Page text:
Yesterday, the Alabama Legislature fell into the same costly trap as neighboring Georgia by following the ill-fated footsteps of Arizona and passing harsh anti-immigrant legislation. The bill, H.B. 56, will not only set back years of progress on civil rights in the state but will also add considerably to Alabama's existing budget crisis.
If Gov. Bentley signs H.B. 56 into law, Alabama, already struggling financially, will waste hundreds of thousands – if not millions – of taxpayer dollars to defend this racist law in court.
We joined a number of other civil rights organizations in a lawsuit challenging the Georgia law because it is unconstitutional. The courts have already blocked the notorious Arizona law, which served as a model to Georgia and Alabama, and the courts also blocked a copycat law in Utah last month. These laws have been consistently declared illegal and unconstitutional by the courts.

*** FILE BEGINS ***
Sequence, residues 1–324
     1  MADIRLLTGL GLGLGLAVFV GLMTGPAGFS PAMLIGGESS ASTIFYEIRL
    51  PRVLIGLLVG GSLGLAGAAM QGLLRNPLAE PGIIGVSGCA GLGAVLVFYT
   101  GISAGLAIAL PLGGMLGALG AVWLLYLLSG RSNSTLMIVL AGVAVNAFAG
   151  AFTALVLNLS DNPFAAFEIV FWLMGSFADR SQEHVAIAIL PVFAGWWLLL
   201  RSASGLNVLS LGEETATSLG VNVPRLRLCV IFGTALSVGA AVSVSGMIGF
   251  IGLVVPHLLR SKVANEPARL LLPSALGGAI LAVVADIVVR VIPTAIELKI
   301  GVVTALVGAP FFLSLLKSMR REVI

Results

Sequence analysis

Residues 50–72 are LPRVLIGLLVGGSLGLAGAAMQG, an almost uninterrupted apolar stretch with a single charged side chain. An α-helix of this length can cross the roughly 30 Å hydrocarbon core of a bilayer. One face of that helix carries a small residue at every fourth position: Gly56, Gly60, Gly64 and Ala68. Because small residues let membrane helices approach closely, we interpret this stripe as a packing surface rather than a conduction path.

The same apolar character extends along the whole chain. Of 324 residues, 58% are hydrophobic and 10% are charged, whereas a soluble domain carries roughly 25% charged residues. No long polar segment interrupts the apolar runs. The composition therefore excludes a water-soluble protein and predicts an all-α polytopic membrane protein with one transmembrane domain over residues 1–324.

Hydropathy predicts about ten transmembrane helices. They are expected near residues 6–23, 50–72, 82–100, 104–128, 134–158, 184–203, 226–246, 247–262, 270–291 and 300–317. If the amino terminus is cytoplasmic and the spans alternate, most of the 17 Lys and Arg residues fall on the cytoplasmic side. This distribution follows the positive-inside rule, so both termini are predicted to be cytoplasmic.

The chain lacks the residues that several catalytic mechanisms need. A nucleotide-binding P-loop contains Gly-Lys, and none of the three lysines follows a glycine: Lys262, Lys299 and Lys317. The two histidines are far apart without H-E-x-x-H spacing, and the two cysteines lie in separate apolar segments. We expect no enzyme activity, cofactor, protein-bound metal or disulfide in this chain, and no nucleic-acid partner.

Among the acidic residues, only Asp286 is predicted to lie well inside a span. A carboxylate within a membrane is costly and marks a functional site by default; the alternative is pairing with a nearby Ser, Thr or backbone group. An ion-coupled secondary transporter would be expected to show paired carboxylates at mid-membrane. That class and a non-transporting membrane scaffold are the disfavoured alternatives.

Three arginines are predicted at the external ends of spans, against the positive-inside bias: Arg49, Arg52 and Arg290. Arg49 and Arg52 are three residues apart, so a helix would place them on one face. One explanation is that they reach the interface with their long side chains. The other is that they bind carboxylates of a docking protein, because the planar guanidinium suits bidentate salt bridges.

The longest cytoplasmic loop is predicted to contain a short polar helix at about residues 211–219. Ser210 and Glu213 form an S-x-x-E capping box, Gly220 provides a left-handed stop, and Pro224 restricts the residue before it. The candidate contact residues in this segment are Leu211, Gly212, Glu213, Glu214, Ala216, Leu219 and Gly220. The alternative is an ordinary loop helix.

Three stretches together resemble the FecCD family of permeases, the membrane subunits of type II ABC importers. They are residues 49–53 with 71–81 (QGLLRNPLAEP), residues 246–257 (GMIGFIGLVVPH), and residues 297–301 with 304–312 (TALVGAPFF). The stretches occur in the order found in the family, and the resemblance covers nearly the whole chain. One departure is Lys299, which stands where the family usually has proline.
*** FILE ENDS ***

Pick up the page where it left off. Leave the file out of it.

This cost will threaten the safety and security of all Alabamians by diverting already limited resources away from law enforcement's primary responsibility – protecting and promoting public safety. It will also result in an increase in crime if undocumented immigrants who are crime victims are afraid to contact local police.
But there's an even greater cost to consider. This ill-advised bill undermines our core American values of fairness and equality. By perpetuating the hate rhetoric that has become commonplace among many elected officials, this bill threatens the rights of citizens and non-citizens alike. H.B. 56 attacks workers trying to make a better life for their families, divides communities, and places Alabama, once again, on the wrong side of history.
The Southern Poverty Law Center will continue to fight against laws that create a climate of fear for immigrants. If the governor does not veto H. B. 56, the SPLC will challenge the law in court. Illegal and harmful bills like this will not go unchallenged.